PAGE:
Two of the most major courts are now in complete contradiction with each other regarding the legality of those participating in the Independence Referendum of 2017
Toni Strubell is a former MP in the Catalan Parliament, journalist, and author of What Catalans Want
Núria Bassa Camps is a Catalan writer and photographer
Edited by BRAVE NEW EUROPE
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The acquittal this week of Chief Superintendent Trapero, head of the Catalan Police, could mark a turning point in the judicial onslaught initiated in 2017 against the Catalan independentist movement. Trapero and his team had initially been accused of “rebellion”. But as the purported evidence deflated, the charges against him were subsequently reduced to “sedition”, then finally to mere “disobedience”, as prosecutors grabbed at their last straws to get the Catalan police chiefs convicted for the October 1st Referendum. Yet not even that brought about a conviction and the case ended up falling to pieces in the prosecutors’ hands.
The striking thing about this case is that the charges involved were almost carbon copies to those that one year before had earned 9-12-year prison sentences for seven members of the Catalan government and two social activists. Though some observers argue that Trapero may have been “spared”, for not being an independentist himself – there may be some truth in that – the fact is that the sentence has wreaked havoc in the official argument (which spoke of “sedition”, “rebellion” and “violence”) behind the mass convictions of Catalan independentists (2,800 so far prosecuted) in the past three years. It has also caused major contradictions between the two Spanish main courts involved in repressing the Catalan moment. Indeed, the Supreme Court and the “Audiencia Nacional” (the untranslatable court that is heir of the old Francoist Public Order Court) have alternatively condemned and acquitted defendants accused with very similar charges, witnesses and evidence. Like an Autumn mushroom – so dear to the mycologist Catalans – Trapero’s surprise acquittal has popped up centre-stage to proclaim that the Audiencia Nacional has seen no penal consequences in events and attitudes very similar to ones sentencing Catalan Interior Minister Quim Forn, and six other members of the Catalan government, to around ten years in prison each. The same “proof” presented by the same witnesses in the two courts has resulted in completely contradictory sentences. Can anyone explain this?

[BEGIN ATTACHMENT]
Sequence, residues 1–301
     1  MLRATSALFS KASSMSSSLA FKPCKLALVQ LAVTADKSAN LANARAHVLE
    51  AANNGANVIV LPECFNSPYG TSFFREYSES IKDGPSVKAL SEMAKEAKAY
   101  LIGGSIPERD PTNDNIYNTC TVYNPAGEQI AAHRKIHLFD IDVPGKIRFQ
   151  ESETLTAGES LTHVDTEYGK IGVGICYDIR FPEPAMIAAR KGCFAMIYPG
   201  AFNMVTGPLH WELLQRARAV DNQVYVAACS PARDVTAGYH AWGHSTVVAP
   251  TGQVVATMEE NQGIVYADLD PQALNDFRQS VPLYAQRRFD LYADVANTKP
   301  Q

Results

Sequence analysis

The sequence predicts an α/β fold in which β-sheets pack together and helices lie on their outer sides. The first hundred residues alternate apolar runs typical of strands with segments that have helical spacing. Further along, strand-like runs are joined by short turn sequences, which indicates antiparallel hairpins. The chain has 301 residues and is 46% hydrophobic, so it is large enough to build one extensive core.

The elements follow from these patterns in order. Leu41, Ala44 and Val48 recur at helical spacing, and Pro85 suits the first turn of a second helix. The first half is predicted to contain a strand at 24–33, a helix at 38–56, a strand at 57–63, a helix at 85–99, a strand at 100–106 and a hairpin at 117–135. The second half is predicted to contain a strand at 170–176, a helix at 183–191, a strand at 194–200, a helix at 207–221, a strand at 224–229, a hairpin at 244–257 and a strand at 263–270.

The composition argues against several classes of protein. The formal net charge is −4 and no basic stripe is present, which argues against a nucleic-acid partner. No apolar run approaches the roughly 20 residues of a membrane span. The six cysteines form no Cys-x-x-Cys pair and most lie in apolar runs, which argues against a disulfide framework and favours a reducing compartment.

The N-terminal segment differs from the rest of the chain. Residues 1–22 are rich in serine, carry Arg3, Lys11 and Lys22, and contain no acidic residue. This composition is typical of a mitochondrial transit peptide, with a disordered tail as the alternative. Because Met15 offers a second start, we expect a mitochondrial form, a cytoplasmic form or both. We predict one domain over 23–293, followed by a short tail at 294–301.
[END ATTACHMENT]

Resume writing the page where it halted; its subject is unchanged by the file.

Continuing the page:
Two of the witnesses coming under most fire for this paradox are seedy Guardia Civil colonels, the likes of whom – both in uniform and in ideological profile – it would be difficult to imagine policing a normal democracy. Indeed, the sentence implicitly portrays colonel Daniel Baena as a liar for having declared that Trapero was made police chief by president Puigdemont in order to ensure an pro-indepéndence head of Catalan Police. This is quite false. He also stated unblushingly that president Puigdemont had not only held private meetings with Trapero, but that the Police chief also formed part of the “executive committee” of the independence Process. Again, these are claims that there is not one shred of evidence for.
What is true about Colonel Baena is that he is known to have played a most engaged political role on social networks. This became clear when he admitted – yet later denied – that he was behind the anonymous twitter account “Tácito”, from which he made all kinds of unprofessional and incriminating comments against independentist politicians. Certainly, this would have had serious consequences for him had he been a senior policeman in a more democratic country. But not in Spain. For now, Baena even seems to have got away with committing perjury in court to get political opponents framed, as has so clearly been the case.